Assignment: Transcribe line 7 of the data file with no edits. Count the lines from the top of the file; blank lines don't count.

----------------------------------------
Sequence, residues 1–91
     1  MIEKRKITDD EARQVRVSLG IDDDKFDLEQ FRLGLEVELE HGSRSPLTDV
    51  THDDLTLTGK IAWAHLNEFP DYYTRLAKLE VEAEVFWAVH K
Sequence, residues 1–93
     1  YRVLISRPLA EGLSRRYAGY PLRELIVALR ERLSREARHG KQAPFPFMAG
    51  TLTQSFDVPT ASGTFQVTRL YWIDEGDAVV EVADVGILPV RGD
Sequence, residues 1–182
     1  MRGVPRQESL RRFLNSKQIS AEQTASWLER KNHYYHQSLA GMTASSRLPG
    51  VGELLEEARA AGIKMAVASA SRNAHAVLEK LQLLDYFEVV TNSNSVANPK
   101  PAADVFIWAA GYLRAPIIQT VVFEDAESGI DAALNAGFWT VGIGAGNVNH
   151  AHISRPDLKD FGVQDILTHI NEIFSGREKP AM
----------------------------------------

Sequence, residues 1–182